A notable cabinet maker who served his apprenticeship with Bream was George Nix, originally apprenticed to another member of the Joiners' Company, Thomas Halfehide, and subsequently turned over to Bream. Nix is known for providing his services to Moulsham Hall  (1728-32), Cley (1729), Ham House (1729-34), Burton Hall (1740) and Holkham Hall (1741) [Joiners' Co. apprenticeships].

Bream was recorded in the 1675 Court of Orphans' inventory of the cabinet maker, Edward Traherne, appraised by Gerrit Jensen. He evidently had some type of professional relationship with Traherne because he owed Bream £13 at his death. This may have been for supplying marquetry decorated furniture and/or marquetry veneers, however this is unknown. 

Bream is also recorded for:

  • Windsor Castle (1684–86): ‘inlaying ye step under her highness ye Dutchess of York's Bed done with several coloured woods in Resemblance of flowers, leaves etc. & for Inlaying ye step at ye foot of ye said Bedd, done with walnutt’, for which he was paid £33 6s 8d [W. H. St John Hope, Windsor Castle; V&A FTF archives].
  • 5th Earl of Bedford (1689–92): repairing and supplying furniture including three tables ‘of Gernobel wood’ (French walnut), costing £7 15s, three other walnut tables; ‘a black table 4 foot’, £9 10s; and a 34 inch glass in a walnut frame, £5 5s. On 3 July 1688 Bream was paid ‘for a Walnutt Tree Table & Stands &c.’; and on 8 August 1689, for ‘Wares delivered, and Workmanship done’, including ‘a Wainscott Table for the Dyneing Roome’: Total cost of three bills £45 17s 6d [Bedford Office, London; Bedford Inventory].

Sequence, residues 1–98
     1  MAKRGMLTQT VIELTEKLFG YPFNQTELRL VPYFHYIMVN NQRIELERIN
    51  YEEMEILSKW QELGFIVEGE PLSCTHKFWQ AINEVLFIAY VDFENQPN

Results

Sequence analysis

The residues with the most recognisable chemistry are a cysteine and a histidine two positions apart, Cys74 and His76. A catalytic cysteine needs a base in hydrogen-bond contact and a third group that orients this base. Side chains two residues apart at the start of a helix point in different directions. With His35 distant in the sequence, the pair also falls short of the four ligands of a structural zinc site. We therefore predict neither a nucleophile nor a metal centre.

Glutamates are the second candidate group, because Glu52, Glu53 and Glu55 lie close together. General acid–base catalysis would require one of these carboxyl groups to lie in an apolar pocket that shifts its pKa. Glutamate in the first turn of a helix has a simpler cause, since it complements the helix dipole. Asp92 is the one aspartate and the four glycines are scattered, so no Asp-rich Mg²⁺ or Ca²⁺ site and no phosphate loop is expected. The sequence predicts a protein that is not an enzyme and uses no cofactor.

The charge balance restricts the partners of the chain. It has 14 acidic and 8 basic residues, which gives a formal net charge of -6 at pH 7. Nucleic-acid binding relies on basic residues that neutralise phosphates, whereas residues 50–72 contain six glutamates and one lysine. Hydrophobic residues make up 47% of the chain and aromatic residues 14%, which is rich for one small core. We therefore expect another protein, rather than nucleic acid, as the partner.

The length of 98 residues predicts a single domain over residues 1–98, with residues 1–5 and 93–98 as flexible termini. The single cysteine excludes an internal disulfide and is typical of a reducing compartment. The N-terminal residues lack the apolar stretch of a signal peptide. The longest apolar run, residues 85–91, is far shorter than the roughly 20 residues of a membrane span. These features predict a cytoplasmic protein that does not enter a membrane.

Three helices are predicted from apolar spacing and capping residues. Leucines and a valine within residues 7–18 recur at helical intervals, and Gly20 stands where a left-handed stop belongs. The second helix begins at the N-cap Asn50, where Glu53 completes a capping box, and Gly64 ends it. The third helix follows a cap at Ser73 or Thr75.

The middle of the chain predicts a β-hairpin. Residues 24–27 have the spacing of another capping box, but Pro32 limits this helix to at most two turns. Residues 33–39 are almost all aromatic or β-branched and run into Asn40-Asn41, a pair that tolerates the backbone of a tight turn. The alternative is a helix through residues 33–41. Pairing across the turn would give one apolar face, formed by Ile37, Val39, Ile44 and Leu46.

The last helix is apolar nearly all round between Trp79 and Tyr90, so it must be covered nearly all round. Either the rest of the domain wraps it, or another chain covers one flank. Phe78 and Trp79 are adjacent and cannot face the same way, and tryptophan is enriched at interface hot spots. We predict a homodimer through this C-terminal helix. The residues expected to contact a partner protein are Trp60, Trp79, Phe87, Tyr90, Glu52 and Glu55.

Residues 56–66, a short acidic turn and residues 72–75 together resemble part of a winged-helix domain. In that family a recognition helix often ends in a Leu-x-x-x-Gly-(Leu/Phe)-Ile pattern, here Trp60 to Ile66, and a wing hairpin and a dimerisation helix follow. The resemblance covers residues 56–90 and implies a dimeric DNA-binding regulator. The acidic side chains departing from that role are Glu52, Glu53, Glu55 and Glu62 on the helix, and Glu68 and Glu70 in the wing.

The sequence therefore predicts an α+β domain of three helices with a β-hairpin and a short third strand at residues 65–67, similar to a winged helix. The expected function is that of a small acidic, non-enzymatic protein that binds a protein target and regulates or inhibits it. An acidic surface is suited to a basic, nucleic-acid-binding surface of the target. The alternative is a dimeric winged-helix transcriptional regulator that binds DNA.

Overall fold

By the time of his death in the winter of 1697, Bream had moved westward from Fleet Street to the Savoy in the Strand. He described himself as a cabinet maker in his will (written on 19 September 1695 and proved on 7 February 1696/7). However, although his workshop may have carried out general cabinet-making work, it seems likely that he specialised in marquetry production. This was not altogether uncommon as evidenced in the trade card of another London cabinet maker, Philip Hunt [Probate will]. 

By Laurie Lindey

Sources: DEFM; Shaw, Letters of Denization and Acts of Naturalization for Aliens in England and Wales, 1603-1700 (1911), p. 101; London Metropolitan Archive (LMA), London, England, Church of England Baptisms, Marriages and Burials, 1538-1812J. Evans, Thomas Tompion at the Dial and Three Crowns (2006), pp. 27-30; London Metropolitan Archive (LMA), Clockmakers' Company freedom admission, 5 July 1716, COL/CHD/FR/02/0342-0346; Guildhall Library (GL), Joiners' Company freedom admissions, MS 8051/1, f. 111f. 68; GL, Joiners' Company apprenticeship bindings, MS 8052/2, f. 39; 43f. 72; f. 93; f. 97; f. 107; f. 137f. 178LMA, Records of the Dutch Church at Austin Friars, City of London, CLC/180; The National Archives (TNA), Casper Bream, 6 July 1716, Board of Stamps: Apprenticeship Books: Series IR 1; Class: IR 1; Piece: 4; TNA, Jasper Bream, PROB 11/430, 27 Feb. 1696/7; ; L. Lindey, ‘A Restoration London Cabinet and Looking Glass Maker: Edward Traherne’, Furniture History (2014); L. Lindey, The London Furniture Trade, 1640 - 1720 (unpublished PhD thesis), Institute of Historical Research, University of London (2016), pp. 213-255; A. Bowett & L. Lindey, ‘Looking for Gerrit Jensen’, Furniture History (2017).

The original entry from Dictionary of English Furniture Makers, 1660-1840 can be found at British History Online.